|The hubbub at the 2011 TCG National Conferience in Los Angeles|
It was 11:30 at night and I had been up since 7 that morning. I wanted to go home. Or rather, I wanted to go back to my hotel room and watch TV. The music was loud, the lighting was dark, the booze was flowing for up to five glasses, and a couple of minutes prior, I had seen a man sporting a six-pack, walk down a catwalk while wearing only a pair of gold lame shorts. On a normal day, that would have given me my second wind.
But then again, this was not a normal day. I had been up since 7 that morning and, save for the new Mike Daisey show (The Orient Express (Or, the Value of Failure)), I had been working all day. I wanted to go back to my hotel room (at the Boston Park Plaza), and watch TV.
Feeling 2: Surprised (Kinda)
Then again, considering that I see shows so I can become better at my job, going to the theater is also work. I am obligated to take it apart the next day when my fellow American Theatre editors ask me, "You saw the new Mike Daisey show? What did you think?"
Those conversations are off the record, since if I wrote what I thought, it would be unfair to Mike and he would probably be very unhappy with me. Mike and I are finally on a first-name, face-to-face, non-Twitter-based basis since I met him at the TCG National Conference in Boston last week. It's amazing when you finally meet people that you know on Twitter and via e-mail in person.
It's almost like dating online, it's a tad anticlimactic, especially because more often than not, the person you see in front of you don't quite look like how you imagined they would. It's like being brought down to Earth. They're a person now, and not an entity. But unlike dating online, you enjoy them a lot more in person. It's a lot more fun, because you're not stuck with asking the template personal questions. Which for someone like me who don't enjoy talking about my personal life, it's absolutely refreshing.
Feeling 3: Sociability (aka Journalism Mode)
I think that's part of why the TCG Conference was so bearable for me. The talk was only on the work, the theater, and not so much on how I was doing. Though when anyone asked, I responded honestly, "Tired." There were discussions about theater's role in activism, the insane 90-plus-degree weather and how "American Theatre" should get an app.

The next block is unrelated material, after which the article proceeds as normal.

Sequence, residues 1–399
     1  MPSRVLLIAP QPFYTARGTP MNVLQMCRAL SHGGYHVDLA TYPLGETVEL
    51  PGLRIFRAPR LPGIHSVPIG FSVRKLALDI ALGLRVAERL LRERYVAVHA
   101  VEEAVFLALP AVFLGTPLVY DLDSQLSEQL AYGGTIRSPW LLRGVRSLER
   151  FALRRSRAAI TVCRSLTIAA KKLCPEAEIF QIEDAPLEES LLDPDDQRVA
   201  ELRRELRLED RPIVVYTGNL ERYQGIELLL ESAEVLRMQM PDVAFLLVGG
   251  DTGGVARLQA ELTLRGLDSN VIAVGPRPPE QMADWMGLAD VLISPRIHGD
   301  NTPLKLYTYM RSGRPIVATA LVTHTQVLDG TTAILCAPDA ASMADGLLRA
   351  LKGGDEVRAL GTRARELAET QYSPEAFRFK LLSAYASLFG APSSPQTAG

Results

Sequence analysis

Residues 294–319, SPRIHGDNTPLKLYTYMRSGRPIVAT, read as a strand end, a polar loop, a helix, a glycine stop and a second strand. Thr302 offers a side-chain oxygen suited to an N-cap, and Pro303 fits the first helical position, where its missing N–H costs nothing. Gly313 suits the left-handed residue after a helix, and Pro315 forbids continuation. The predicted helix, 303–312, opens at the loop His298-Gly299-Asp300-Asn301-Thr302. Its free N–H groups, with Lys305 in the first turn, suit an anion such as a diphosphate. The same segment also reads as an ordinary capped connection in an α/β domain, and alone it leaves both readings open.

I freely admit that, despite appearances to the contrary, I'm an introvert. The definition of an introvert, for me, is from an "Atlantic" article: someone whose energy is drained from being around people. It was my first conference as a TCG staff member and also the biggest one so far, with 1,000 attendees, not including volunteers. Or what I liked to say last week, "1,000 of my closest theater friends."
There were break-out sessions to take notes in, affinity groups to overlook and plenary sessions to Tweet about (and judging from the lights coming from different audience members at the plenary, I was not the only one breaking old-fashioned rules of conduct). All of which were enlightening and helped me learn so much more about the trials of the field from the artistic and administrative end. And let me know who I should keep an eye on, since the inevitable question always comes up: "What can we do to get coverage?"
Feeling 4: Tired, Part Two
And then, of course, there were the parties. I admired those who had the energy to still, after a long day of conference-related activities, talk to their colleagues and schmooze, and be inspired by those conversations. Especially my colleagues. I still schmoozed but I had reached my limit at 11:30 on Friday night, the penultimate night of the conference.
Feeling 5: Purposeful
So, having reached my threshold of pain in dealing with people, I left. And went back to my hotel room. And watched the Food Channel.